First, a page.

FDA warns of possible drug shortages following Hurricane Maria in Puerto Rico

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The Department of Homeland Security had said as recently as Monday that the law would not be suspended.

There is also some anger over what some say has been a lack of communication from cellphone providers about which towers are working.

On Thursday the Trump administration announced it was waiving the Jones Act, a little-known federal law that prohibits foreign-flagged ships from shuttling goods between USA ports, for Puerto Rico.

"I have not seen the trucks; I have not seen the help", says Cruz Vivaldi.

Donald Trump has announced he will allow foreign owned ships to deliver relief supplies from U.S. ports to Puerto Rico following a furore over his previous comments that it would upset American shipping firms. That decision came only after days of public pressure from lawmakers - both Republicans and Democrats. "But we have a lot of shippers and a lot of people that work in the shipping industry that don't want the Jones Act lifted, and we have a lot of ships out there right now".

President Trump was criticised for spending the weekend focusing on a feud with National Football League players and coaches, instead of the Puerto Rico disaster. Kim, or someone else in the military, should have the highest decision-making power on the island for a temporary period of time.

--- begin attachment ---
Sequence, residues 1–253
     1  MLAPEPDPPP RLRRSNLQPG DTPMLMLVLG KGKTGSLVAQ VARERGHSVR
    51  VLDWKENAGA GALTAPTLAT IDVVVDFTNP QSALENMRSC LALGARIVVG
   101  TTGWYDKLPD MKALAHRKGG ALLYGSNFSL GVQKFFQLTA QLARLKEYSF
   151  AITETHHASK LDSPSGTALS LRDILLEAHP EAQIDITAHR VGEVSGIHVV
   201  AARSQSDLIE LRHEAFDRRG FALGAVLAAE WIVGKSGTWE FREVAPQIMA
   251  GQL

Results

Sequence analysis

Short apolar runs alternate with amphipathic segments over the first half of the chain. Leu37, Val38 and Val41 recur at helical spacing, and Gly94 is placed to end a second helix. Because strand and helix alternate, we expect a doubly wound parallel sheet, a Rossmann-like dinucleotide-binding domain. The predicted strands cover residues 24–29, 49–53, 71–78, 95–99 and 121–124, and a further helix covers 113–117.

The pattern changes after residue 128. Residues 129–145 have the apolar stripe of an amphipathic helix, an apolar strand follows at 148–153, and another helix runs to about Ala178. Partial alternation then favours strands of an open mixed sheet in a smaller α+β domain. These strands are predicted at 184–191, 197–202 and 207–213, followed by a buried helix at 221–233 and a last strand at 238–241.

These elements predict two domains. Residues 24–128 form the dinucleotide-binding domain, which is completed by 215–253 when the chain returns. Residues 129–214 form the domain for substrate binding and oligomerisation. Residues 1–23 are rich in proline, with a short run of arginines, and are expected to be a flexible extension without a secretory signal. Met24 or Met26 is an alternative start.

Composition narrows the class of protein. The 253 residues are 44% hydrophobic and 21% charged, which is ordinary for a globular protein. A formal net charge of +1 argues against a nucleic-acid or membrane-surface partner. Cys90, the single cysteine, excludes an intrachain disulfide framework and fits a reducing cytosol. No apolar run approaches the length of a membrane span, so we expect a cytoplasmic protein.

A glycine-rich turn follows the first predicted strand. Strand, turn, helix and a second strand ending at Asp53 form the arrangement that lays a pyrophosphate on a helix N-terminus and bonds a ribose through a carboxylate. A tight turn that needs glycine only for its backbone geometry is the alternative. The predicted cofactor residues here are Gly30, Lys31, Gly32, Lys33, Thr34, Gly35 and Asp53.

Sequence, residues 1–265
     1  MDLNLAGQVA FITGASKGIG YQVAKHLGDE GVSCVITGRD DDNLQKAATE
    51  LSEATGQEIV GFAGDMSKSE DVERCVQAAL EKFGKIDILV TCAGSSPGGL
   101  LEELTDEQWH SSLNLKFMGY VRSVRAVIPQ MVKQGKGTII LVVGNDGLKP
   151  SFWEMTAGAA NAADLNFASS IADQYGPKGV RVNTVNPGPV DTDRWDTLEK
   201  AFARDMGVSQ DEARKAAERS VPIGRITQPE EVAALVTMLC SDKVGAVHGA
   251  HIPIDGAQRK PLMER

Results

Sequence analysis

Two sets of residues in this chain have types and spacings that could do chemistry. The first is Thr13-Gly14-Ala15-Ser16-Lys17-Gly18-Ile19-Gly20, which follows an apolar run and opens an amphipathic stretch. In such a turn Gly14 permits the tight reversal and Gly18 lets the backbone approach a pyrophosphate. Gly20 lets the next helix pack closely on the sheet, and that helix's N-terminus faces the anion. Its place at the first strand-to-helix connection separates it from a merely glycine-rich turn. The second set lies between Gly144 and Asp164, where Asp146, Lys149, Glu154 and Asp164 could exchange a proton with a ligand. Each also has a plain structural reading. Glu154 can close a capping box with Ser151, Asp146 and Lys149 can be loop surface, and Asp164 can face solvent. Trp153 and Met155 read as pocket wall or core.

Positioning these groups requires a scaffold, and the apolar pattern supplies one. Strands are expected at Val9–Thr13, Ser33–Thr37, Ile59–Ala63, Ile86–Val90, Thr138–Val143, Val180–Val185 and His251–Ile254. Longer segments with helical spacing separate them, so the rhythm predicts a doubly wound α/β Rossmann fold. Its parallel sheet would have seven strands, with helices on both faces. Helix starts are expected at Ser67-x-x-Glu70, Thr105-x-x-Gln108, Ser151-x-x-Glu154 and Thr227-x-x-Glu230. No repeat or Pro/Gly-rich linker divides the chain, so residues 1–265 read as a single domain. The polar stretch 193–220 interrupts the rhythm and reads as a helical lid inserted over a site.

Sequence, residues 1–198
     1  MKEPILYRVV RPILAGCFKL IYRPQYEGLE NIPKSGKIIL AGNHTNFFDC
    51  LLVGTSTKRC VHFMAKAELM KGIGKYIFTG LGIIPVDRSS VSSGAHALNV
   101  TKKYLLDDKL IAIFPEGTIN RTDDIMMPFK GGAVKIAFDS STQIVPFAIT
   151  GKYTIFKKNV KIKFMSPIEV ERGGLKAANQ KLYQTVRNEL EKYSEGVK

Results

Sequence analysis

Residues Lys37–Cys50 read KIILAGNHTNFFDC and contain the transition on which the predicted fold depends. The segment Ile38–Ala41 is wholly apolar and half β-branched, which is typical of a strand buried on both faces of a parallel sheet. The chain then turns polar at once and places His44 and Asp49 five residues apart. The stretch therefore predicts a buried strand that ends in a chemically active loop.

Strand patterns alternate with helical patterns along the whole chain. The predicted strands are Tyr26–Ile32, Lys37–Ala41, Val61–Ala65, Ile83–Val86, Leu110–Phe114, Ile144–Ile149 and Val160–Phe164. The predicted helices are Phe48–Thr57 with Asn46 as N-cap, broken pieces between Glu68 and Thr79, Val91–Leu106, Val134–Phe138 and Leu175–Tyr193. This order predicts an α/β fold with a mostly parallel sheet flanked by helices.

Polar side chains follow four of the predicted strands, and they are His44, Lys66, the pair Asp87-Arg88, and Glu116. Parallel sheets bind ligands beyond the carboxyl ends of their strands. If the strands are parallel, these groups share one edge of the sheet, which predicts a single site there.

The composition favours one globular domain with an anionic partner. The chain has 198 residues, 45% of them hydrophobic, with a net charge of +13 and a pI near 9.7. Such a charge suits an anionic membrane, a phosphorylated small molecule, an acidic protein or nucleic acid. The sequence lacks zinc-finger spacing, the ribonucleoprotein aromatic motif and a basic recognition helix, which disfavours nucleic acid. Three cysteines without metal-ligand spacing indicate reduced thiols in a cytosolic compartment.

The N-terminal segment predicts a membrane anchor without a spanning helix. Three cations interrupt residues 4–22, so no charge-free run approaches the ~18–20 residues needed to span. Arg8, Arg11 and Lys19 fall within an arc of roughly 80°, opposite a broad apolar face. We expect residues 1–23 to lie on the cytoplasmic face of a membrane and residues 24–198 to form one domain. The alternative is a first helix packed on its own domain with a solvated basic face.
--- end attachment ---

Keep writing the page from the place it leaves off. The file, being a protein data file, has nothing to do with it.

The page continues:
"We're sending a person down soon who will be just in charge of logistics down there because this is turning into a longer term story", Durfee told CNN an interview. Power, food, fuel and other supplies are all in short supply on the island. All this is evidence to Rubio that DOD needs to take control.

Sen. John McCain, R-Ariz., in a tweet, noted that the administration "has finally waived" the Jones Act.

Why the law exists: Congress passed the Merchant Marine Act in 1920, after World War I, when Congress was anxious that the USA shipping industry was weak - too weak to, say, fight with German submarines that had sunk hundreds of US ships.

It was the third major hurricane to affect the United States in less than a month, following Harvey in Texas and Irma, which ranked as the most powerful Atlantic storm on record before thrashing several Caribbean islands and Florida. Plus, barges would deliver humanitarian relief, which make up a large part of USA -flagged ships, the agency said.

"I am very satisfied", Duke said of the federal response.

"My mom has always been heavily involved in the community, so is my aunt, who owns a Puerto Rican dance company", Garcia said, via Nicki Jhabvala of The Denver Post. Because it's an island, many lifesaving supplies will arrive by boat.

The federal government will pick up 100 percent of the costs for debris removal and other emergency assistance.

That means goods going from the mainland to Puerto Rico, Hawaii, Alaska and Guam, or even from Texas to New England, have to travel on US ships, even if they're not the most economical transport or readily available. "Until they let us know otherwise, I'm not supposed to go back", she said with a shrug as she pressure washed the street in front of her house, sending muddy debris flying. Spokeswoman Lauren Easton said the wire service has a group of reporters, photographers and video journalists as well as a handful of local freelancers filing from satellite phones when outside of San Juan, and from a pop-up press center that's been set up in the capital when they're there.